B.W. Blanton Jr. and his uncle own nine properties near the Catholic Action Center, a homeless shelter and resource center on Winchester Road. He said he volunteers at the Salvation Army around the winter holidays.
However, he's upset about some disruptions that he said were caused by residents of the Catholic Action Center. That's why he spoke in support of a proposed chronic-nuisance ordinance at a meeting of the Lexington Urban County Council's Public Safety Committee on Tuesday.
"The world has changed on Winchester Road," he said. He complained of people urinating on his property, which he says caused him to uproot his bushes. "I feel sorry for these people that they can't get in the center to use the restroom," he said. "But we don't deserve this."
If passed as is, the ordinance would increase penalties against owners for frequent disturbances on their property.
About 40 people turned out for the discussion, and several spoke. Opponents said the ordinance raises several legal issues involving due process and presents problems for non-profit and faith-based groups that provide services to possibly disruptive populations, such as the homeless. Supporters say it's necessary to protect the safety and serenity of Lexington's residents.
There is no exception in the proposed law for faith groups and non-profits, causing the leaders and beneficiaries of these groups to worry that the legislation could be used to target them. But Blanton said an allowance would create a double-standard.
Property owners near the Catholic Action Center complain about noise, drug use and violence in their community, and the center's founders said they fear the ordinance would hurt their mission.
The ordinance is scheduled to be altered and discussed again Nov. 1. However, several council members expressed concern about that deadline. Council members Doug Martin and KC Crosbie said it wouldn't give landlords sufficient time to review and respond to the ordinance.
Former Lexington police officer Keith Gaines and council member Peggy Henson have been working on the ordinance for more than two years. During his presentation at the meeting, Gaines said the ordinance is not meant to target anyone.
The proposed ordinance is similar to legislation in other cities and shares much of their language. But several council members expressed concern over what they see as nebulous words.
"The whole thing bothers me a little bit," council member Julian Beard said. "How would you define 'chronic?' "
Gaines said enforcement of the ordinance is dependent on an initial complaint and an officer's confirmation of the incident.
Martin, head of the public safety committee, also expressed concern about the language of the ordinance. In its current form, he said, landlords would be punished for behavior that is not criminal, and "it's hard for me to accept that."
He said that if due process isn't respected, "Someone who hasn't been found guilty of a crime can be punished."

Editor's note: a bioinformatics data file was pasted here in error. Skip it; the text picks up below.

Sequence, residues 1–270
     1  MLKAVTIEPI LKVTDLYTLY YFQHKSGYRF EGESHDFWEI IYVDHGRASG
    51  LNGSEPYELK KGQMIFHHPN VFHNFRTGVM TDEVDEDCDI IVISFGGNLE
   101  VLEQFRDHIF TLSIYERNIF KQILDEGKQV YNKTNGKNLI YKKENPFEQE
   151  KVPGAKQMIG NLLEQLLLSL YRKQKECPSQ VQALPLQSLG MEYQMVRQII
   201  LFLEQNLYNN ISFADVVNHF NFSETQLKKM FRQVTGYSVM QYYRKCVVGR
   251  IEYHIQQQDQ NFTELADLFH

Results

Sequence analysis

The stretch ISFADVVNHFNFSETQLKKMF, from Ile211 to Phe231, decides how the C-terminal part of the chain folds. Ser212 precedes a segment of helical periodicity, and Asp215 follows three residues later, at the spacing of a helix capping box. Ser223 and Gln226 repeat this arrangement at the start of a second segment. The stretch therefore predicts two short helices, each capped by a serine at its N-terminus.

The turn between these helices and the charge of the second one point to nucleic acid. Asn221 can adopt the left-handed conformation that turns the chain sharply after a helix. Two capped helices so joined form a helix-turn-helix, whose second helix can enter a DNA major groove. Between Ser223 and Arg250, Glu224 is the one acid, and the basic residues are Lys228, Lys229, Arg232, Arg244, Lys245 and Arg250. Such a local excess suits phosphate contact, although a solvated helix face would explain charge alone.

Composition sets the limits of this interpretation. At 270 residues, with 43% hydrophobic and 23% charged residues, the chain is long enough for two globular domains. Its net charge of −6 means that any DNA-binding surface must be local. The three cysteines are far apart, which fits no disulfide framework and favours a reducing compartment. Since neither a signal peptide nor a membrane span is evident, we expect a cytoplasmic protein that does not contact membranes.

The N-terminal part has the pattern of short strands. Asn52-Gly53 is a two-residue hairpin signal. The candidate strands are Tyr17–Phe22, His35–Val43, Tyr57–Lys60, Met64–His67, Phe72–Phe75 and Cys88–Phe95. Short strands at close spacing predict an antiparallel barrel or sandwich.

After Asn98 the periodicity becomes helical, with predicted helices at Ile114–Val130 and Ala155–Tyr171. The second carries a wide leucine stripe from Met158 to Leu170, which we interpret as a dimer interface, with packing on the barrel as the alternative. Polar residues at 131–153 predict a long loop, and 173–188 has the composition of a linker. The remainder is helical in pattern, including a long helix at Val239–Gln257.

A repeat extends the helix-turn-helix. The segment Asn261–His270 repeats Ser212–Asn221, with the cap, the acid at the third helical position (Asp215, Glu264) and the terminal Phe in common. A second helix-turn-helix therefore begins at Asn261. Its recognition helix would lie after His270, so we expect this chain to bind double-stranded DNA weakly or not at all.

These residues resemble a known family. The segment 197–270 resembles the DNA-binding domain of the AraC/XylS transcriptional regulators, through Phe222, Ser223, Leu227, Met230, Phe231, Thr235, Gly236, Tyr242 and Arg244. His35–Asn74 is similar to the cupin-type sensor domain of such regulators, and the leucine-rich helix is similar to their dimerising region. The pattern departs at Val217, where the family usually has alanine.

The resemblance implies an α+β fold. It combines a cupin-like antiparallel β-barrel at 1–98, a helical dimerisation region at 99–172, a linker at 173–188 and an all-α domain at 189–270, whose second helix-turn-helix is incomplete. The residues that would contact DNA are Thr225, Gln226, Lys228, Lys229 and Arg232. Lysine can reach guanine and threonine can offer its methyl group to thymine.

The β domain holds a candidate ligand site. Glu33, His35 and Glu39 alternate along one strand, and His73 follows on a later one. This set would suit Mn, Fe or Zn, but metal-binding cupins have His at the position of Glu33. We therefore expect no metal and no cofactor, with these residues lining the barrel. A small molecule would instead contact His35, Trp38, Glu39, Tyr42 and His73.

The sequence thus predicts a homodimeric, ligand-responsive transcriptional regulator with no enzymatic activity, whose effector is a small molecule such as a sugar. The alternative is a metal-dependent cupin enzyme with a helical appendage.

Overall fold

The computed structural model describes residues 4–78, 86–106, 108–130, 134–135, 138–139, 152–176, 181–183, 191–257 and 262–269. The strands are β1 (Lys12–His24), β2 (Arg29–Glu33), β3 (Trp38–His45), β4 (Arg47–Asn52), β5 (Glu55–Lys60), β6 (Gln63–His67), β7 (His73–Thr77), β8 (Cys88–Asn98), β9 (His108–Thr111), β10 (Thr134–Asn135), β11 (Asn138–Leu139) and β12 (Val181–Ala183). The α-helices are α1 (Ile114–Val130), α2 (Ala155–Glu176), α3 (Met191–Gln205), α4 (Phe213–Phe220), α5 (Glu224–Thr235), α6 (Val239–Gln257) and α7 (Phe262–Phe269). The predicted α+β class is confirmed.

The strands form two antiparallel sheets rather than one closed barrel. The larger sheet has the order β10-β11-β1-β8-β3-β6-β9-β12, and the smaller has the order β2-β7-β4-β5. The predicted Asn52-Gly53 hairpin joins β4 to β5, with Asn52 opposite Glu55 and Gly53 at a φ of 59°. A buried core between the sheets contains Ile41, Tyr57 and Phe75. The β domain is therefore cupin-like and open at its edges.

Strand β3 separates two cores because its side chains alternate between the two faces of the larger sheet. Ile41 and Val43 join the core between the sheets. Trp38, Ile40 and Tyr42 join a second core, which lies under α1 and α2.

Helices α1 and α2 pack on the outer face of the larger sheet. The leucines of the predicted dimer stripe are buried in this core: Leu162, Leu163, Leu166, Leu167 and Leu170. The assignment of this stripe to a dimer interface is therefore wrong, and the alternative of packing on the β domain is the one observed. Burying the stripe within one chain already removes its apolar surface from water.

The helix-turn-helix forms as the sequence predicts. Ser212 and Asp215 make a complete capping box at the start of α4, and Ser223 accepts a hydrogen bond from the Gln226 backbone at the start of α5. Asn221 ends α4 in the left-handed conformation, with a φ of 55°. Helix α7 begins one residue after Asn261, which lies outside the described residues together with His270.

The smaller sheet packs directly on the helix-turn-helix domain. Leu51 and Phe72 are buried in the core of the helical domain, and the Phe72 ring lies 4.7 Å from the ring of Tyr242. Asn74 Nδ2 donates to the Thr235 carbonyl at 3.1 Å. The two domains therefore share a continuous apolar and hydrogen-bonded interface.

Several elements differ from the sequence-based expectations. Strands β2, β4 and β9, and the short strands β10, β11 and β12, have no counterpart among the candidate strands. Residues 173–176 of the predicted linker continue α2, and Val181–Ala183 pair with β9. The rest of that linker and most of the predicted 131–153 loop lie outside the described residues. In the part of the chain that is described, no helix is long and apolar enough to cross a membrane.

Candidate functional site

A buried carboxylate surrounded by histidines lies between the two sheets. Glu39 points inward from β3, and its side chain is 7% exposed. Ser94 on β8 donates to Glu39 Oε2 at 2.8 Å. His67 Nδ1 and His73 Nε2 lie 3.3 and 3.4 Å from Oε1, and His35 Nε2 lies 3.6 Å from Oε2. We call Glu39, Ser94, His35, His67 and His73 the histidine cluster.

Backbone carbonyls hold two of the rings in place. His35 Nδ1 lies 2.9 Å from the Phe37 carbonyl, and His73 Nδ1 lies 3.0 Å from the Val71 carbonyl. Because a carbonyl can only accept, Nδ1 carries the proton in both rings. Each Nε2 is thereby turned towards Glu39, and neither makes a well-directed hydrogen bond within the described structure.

Martin also expressed concern that landlords could be held accountable for the actions of others. But councilwoman Diane Lawless said that is actually a benefit to the ordinance.
Lawless said landlords whose tenants repeatedly create disturbances, such as drunkenness or fighting, are fined $15 for every three police visits.
"They see that as the cost of doing business," she said, adding that landlords allow unsafe, unhealthy or dangerous activities to continue in their buildings, risking the safety of law-abiding tenants, instead of evicting those responsible for the nuisance. She said landlords would rather pay the $15 fine than risk having a unit be empty.
Under the new ordinance, the maximum fine would be $2,000, for the fifth violation and subsequent violations; in addition, the city would gain the authority to close a property for up to a year.
Gaines said the ordinance would address the root of chronic disturbances, rather than police having to constantly deal with the same problems.
However, advocates for the homeless say similar ordinances have been used to target the poor in other cities.
Catholic Action Center co-founder Judy McLaughlin said she is especially concerned about the ordinance because her center helps people who have been turned away from other shelters for being disruptive. She said most of these people need social workers and mental health care, not to be turned away by shelters who fear being shut down for nuisance violations caused by the people they're serving.
"If it were passed, the effect it will have is on the most marginalized population. Everyone will tighten their restrictions," she said. Instead of regulations, she said, the center needs resources. If they had enough bathrooms to accommodate their needs, people wouldn't need to use Blanton's bushes as a bathroom, she said.
The public safety committee is slated to discuss the ordinance again on a date to be determined.